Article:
Reviewing and renewing Biblical faith through story and study

Monday, March 06, 2017

Sabbath - From Chaos to Completeness

Introduction

What has been the darkest time in your life?
What/who brought you out of the darkness? 
How did you respond to the light?
What changed in you after that experience?

Read Genesis 1:1

What is your favourite opening line for a book/movie/poem? Why?
Is Genesis 1:1 a good opening line for the Bible? Why?
What three things are revealed in this short verse? How is it a good opener for the Bible?
1. In the beginning – God
2. In the beginning God – created
3. In the beginning God created – the heavens and the earth


Creation and Re-creation

Every new beginning in life is the recognition of a new focus for your time and energy; a master in whom you will attempt to find solace, purpose and identity. How are new beginnings with God different than all other new beginnings?  (New beginnings that start with the true God – the actual Creator and Re-creator of life – will fulf the soul, the heart and the mind. For in Him we live, breathe and have our being.)
How does the Bible’s opening Creation story teach us about the creation and re-creation God wants to do in our lives?

Read Genesis 1:2

What state was Earth in before God started Creation week? (tohu-va-vohu, chaos)
How did you feel when you were in your darkest time?
What did you wish for? 
In your darkest moment, did light seem possible? Why?
How did you feel about God at that time? Did He feel close or far away?

Where was God’s Spirit before Creation week began? (hovering near the surface)
When we are in complete darkness of soul, is it easy to feel the presence and love of others?
If God’s Spirit is always hovering over us, why does He allow the darkness?

Esmerelda Devlin, a famous stage designer says, “You need to start without light to find it.”
What does this mean?

The lights often go off right before something amazing begins. Can you think of one?
(Bedtime - dreams, Sleep over. Movie, Concert – 80 thousand people in the dark, waiting for the light to shine on one person.)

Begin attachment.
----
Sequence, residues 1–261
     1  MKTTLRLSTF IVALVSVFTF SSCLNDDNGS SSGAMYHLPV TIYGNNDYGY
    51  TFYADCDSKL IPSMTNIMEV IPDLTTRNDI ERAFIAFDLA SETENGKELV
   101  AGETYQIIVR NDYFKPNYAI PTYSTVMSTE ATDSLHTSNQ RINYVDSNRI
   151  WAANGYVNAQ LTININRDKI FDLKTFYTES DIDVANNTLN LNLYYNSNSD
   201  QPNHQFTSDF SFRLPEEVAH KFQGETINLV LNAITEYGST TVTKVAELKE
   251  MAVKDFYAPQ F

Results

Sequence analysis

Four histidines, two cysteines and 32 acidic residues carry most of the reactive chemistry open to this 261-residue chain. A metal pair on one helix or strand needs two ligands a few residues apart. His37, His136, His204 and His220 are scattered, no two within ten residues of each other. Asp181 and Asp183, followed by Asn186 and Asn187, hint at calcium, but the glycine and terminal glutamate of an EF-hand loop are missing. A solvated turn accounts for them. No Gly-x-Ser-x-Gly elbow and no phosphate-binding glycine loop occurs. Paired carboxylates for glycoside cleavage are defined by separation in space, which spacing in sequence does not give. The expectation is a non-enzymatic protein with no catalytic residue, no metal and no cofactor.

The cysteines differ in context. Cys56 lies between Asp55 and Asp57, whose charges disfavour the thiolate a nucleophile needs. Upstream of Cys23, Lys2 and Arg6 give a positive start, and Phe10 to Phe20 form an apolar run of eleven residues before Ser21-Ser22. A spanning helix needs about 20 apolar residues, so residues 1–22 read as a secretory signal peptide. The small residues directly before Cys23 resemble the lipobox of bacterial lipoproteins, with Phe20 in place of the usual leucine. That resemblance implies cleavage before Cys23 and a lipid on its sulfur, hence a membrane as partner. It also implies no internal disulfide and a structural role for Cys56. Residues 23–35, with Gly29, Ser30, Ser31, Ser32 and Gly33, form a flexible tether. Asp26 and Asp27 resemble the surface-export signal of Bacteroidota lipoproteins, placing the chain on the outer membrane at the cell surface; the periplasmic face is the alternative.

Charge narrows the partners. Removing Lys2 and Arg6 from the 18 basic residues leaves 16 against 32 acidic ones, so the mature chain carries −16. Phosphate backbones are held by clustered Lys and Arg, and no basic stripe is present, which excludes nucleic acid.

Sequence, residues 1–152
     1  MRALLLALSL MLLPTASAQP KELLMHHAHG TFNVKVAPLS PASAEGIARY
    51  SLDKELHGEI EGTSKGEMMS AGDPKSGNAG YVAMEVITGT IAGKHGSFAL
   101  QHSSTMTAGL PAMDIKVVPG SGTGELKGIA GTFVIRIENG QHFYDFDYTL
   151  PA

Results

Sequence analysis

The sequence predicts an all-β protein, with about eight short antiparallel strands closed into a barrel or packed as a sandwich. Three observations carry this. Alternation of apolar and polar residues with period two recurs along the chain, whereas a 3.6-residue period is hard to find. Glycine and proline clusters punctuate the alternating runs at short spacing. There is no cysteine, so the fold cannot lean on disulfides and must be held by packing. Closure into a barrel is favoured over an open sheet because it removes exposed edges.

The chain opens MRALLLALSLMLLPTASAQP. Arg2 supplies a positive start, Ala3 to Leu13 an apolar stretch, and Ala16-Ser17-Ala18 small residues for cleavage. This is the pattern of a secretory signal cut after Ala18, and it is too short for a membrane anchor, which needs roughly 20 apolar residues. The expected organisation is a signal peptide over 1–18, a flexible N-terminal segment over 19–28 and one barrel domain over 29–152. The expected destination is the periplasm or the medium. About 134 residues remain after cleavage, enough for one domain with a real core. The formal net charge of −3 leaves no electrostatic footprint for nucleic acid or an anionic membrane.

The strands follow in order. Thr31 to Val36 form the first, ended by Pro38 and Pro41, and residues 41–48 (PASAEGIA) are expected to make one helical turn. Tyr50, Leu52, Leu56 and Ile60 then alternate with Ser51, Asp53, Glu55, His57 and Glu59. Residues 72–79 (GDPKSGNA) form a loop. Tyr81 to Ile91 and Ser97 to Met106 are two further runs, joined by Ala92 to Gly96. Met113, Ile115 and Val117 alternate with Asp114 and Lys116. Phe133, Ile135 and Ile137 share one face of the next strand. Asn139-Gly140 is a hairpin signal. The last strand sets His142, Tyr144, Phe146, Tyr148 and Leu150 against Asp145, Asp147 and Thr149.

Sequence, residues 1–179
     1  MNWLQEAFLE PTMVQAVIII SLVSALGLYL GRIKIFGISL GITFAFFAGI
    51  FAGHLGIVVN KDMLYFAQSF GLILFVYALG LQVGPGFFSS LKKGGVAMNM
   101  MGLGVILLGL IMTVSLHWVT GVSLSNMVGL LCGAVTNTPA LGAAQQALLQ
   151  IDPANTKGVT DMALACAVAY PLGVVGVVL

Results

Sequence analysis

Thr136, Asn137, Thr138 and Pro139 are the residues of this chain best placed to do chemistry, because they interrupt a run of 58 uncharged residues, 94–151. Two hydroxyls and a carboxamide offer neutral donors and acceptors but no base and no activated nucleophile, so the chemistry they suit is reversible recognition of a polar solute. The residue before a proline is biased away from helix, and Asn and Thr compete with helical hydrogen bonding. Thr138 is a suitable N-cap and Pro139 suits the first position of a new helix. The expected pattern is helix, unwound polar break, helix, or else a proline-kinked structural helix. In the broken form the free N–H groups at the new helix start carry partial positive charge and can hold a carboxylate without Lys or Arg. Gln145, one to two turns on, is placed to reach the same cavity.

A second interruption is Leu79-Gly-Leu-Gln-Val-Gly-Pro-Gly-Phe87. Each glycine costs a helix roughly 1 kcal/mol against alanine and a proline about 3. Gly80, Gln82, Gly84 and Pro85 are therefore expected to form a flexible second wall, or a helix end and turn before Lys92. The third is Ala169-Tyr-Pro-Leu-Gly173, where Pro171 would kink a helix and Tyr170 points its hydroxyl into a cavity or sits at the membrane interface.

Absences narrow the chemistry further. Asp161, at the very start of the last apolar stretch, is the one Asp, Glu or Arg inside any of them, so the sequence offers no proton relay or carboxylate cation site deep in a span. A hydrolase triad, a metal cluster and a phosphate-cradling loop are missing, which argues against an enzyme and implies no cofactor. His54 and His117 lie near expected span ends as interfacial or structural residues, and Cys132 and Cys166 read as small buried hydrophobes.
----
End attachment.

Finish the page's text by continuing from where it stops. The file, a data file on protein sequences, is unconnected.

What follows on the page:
Read Genesis 1:3-5

What do you think Earth looked like  when the lights first came on? (Chaos)
When you first came out of your darkest time, what did your life look like?
Chaos looks different for each of us - depending on where we are when we see God hovering above us and start over with "In the beginning God." 

In the fairytale of Humpty-Dumpty, all the king’s horses and all the king’s men couldn’t put Humpty together again. Unlike the false gods of this world, God can do the impossible. Lives shattered in a thousand chaotic, formless and empty pieces can be put back together again. 

What helped you see God hovering above you in the darkness? How can we help others see God?
How has God recreated you? What is He currently doing in you?

Where do you think this Bible Study is going?
Now that the light is shining – what will Creation reveal? 

 Read Genesis 1:6-25

What did we see in these verses? (Creation from Chaos)
What did God create? (A safe environment and filled it)
How did God do this? (with the power of His Word)
God “saw” his work each day as what? (good)
Why does the author say God “saw” it rather than “said” it was good? (leading somewhere)
Why didn’t the author say “perfect” but only “good”? (God wasn’t finished yet. Chaos was still being reformed)

On the first day, God switched on the lights on Project Earth. Under the watchful eyes of those outside the story, He created something good that pointed to something perfect. Who was watching? (Angels, other created beings) 

As with any well told story, there is an intended audience. Who was the author’s audience for the story being told in Genesis 1? (God’s people and the surrounding nations)


Waking up the Neighbours by Shaking up their gods

The Israelites’ Mesopotamian neighbours believed Marduk (the god over all gods) calmed chaos when he defeated Tiamat (goddess of the sea) and then created the heavens and the earth. What impact do you think the story of Day 1 and 2 had on the neighbours?

They also believed Tiamat mated with Abzu (the god of fresh water) to populate the pantheon of lesser gods and then Tammuz (god of food and vegetation) blessed the land providing crops.  Day 3 suggests the Israelite God spoke and the waters separated, land appeared and plants started growing – all at His spoken command! No physical prowess needed. What might the Mesopotamian neighbours have thought of a God who creates with his voice alone?

Day 4 confounded the neighbours’ belief that Anu (creator of the stars  and father of the gods), Shamash (god of the sun) and Sin (god of the moon) were hovering in the sky looking over them. Instead, the stars, sun and moon were created by the Israelite God to provide light and direction and were not Gods at all. Can you feel the frustration rising?